The Batwoman Legacy

The Batwoman Legacy

Oh Batwoman, I do love thee.

Since reading Batwoman: Elegy in 2010, I was hooked. Writer Greg Rucka and artist J H Williams III had created a strong, intelligent, female crime-fighter that wasn’t just there to titillate the boys. The character herself has been treated with total respect by her creators and this has paid off ten-fold as she has now a huge fan base of both men and women of all ages across the world. They have even picked up a few awards for this re-write.

Then it was announced that Batwoman would have her own comic book series. I literally jumped with joy at this prospect. The teaser issue, Batwoman #0 was released in November 2010. This showed Batman trying to evaluate her skills, to find out who her secret identity is and whether or not he can trust her to be a part of Batman Inc.

Batman’s conclusion?

She is a total badass.

The Zero Issue showed that good things were definitely to come. With an awesomely strong team of J.H. Williams III illustrating the Batwoman panels, Amy Reeder illustrating Kate Kane sections and W. Haden Blackman writing, this was just a recipe for success and ultimate comic domination.

Then I waited. And I waited. And I waited.

The promised Batwoman comic series was continuously pushed further and further back, to the point where I believed that it was just going to be cancelled.

September 2011 – 10 months later -Batwoman #1 was finally released.

Apparently DC Comics had decided to push back the comic to be in line with the ‘New 52’ collection, which is the by-product of the 52 series in 2006 where the lesser known characters of DC were given the limelight for a year. (I’m in the process of reading the 52 series, but cannot get a hold of the fourth volume in the UK.)

My word, it was a beauty.

Batwoman #1 kicked off the Hydrology story, which lasted for five issues. Hydrology saw Batwoman struggle against The Weeping Woman and a government agency taking great interest in her; as well as Kate Kane’s struggles with her father and romantic life.

Batwoman: To Drown the World starts in issue #6 and is still being continued at the time of writing this. Issues 6-9 sees a very different way of story telling and is continuing where the Hydrology story arc left off. Every issue is divided into different characters’ points of view: Batwoman, Kate Kane, Jacob Kane (Kate’s father), Maggie Sawyer (Police detective and Kate’s girlfriend), Agent Chase and Maro. At first I found this quite difficult to follow and had to re-read a few times to understand what was going on, as the story jumped backwards and forwards in time as well. I am used to it now and I do quite like this way of story telling. It makes each little arc more personal to that character and I am just waiting for the finale where it all slots into place.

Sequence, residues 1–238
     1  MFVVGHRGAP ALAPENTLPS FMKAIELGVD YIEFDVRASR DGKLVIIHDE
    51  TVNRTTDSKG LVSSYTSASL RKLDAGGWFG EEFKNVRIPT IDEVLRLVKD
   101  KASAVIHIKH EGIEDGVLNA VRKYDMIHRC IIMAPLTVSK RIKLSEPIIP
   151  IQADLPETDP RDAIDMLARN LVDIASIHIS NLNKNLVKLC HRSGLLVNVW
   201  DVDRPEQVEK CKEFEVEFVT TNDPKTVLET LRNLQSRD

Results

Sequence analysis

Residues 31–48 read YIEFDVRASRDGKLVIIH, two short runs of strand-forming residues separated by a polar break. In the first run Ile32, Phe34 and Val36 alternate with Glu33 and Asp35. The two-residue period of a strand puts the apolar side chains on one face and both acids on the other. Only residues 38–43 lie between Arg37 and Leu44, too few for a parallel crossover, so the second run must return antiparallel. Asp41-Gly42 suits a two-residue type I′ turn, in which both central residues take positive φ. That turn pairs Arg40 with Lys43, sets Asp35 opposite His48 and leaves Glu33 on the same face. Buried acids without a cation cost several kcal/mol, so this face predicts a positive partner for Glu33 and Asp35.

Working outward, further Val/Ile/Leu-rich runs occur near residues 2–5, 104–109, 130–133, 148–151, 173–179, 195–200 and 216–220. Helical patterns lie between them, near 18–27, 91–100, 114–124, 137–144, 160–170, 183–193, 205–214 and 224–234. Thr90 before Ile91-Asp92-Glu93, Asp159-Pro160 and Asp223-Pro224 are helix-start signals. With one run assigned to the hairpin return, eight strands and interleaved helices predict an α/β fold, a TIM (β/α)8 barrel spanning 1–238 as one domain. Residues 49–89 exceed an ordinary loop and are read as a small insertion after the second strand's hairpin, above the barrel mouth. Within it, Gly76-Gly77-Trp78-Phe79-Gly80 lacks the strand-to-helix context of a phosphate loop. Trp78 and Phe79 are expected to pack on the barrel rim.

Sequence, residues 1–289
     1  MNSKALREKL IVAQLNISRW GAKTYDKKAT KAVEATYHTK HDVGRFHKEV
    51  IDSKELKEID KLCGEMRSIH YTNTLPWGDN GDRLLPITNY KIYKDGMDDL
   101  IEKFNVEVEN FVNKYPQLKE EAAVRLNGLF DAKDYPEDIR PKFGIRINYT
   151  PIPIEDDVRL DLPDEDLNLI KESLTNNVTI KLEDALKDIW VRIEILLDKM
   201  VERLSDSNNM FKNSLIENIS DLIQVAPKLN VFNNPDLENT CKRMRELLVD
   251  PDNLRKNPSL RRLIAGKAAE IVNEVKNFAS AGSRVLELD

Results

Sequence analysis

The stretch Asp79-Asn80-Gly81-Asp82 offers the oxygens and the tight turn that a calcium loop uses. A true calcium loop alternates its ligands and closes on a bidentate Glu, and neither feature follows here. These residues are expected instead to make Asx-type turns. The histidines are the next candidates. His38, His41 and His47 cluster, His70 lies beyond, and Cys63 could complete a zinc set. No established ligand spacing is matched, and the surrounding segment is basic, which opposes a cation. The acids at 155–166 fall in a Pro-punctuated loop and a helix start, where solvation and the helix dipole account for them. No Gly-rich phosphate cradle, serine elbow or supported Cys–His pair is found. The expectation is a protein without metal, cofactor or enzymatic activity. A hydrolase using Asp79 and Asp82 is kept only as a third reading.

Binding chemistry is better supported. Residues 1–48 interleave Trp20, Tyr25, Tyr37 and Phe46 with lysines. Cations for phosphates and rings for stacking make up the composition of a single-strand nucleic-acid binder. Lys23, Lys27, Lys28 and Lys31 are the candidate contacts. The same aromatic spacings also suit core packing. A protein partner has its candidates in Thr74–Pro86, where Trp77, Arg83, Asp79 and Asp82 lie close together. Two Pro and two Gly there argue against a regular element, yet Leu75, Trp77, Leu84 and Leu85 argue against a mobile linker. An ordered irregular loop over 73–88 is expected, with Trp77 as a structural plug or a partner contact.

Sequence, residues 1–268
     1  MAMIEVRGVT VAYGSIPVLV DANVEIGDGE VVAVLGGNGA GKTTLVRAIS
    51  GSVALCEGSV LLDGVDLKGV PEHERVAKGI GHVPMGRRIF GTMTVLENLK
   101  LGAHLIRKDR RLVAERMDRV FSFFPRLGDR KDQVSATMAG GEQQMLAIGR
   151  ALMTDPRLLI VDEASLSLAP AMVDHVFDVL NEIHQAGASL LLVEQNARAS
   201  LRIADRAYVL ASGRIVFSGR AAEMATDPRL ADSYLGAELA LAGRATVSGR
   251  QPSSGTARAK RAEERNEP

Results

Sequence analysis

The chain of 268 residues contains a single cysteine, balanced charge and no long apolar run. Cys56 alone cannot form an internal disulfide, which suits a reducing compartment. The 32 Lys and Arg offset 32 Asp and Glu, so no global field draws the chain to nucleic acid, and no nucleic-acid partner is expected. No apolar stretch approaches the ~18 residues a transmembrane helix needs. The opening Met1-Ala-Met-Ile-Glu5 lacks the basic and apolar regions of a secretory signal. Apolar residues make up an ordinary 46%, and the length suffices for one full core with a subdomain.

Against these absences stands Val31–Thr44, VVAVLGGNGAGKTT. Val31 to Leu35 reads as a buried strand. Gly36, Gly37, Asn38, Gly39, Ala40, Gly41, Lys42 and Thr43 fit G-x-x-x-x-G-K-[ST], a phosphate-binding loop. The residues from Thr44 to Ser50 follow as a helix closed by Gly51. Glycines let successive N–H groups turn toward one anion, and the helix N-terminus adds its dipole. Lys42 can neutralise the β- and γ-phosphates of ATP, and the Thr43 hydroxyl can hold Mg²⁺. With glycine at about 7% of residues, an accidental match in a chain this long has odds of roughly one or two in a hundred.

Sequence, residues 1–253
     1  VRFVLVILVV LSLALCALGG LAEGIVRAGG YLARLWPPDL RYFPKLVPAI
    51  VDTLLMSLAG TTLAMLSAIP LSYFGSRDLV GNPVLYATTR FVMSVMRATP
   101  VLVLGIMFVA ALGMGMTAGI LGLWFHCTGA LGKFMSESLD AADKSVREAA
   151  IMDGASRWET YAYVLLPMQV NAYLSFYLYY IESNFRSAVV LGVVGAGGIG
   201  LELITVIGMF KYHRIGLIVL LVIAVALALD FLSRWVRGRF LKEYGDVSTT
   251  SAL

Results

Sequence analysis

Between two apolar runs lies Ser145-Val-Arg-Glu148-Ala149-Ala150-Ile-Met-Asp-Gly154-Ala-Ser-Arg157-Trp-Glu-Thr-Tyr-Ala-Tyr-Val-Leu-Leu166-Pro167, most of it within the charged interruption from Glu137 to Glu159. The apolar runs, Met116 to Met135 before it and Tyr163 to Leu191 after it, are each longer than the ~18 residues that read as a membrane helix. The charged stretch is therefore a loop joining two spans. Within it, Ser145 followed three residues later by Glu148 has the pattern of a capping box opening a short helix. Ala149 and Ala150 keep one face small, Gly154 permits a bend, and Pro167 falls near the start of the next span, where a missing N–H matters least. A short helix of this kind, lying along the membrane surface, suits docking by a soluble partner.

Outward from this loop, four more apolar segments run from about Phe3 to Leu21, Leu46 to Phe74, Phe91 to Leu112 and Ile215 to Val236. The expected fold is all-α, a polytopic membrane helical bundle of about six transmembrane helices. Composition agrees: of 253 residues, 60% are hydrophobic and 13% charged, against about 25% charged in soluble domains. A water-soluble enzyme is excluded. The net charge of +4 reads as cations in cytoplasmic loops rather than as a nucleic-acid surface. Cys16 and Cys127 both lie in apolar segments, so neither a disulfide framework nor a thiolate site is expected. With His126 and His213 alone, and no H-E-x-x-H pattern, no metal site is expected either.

Issues 6-8 see Amy Reeder take more control over the Batwoman art panels and cover images. Although she is a very talented artist and does great with ‘normal’ type movements and stills, she doesn’t seem to get the ‘action’ shots drawn very well, which I was quite disappointed with. Due to some controversy (it still isn’t clear what happened), DC Comics took Reeder off the bill and Trevor McCarthy took her place to work along side Williams III. McCarthy steps up to the  challenge excellently with fantastic illustrations and he can draw those all-important action shots brilliantly.

As you can see, the Batwoman comics have gone through some struggle already, but they have been consistent in high quality story lines and artwork. It’s a series that I absolutely adore! I have even started to collect some signed and alternative cover editions. That’s how much I love them and if I can manage to get a signed copy by J H Williams III or one of his original illustrations that go for around $2000, I would die a very happy lady. I have sung William III’s praises before, but whenever he is illustrating an issue, it is like picking up a total work of art. Words cannot explain how much I love his work.

This is the start of a monthly review of the Batwoman comics that I will do as and when I read them. This review has been an introduction about the saga and issues 0-9 (hence it being so long!). I already have #10 in my hands and will write a review on that shortly!

Websites:

J H Williams III

Amy Reeder

W. Haden Blackman

Trevor McCarthy

Greg Rucka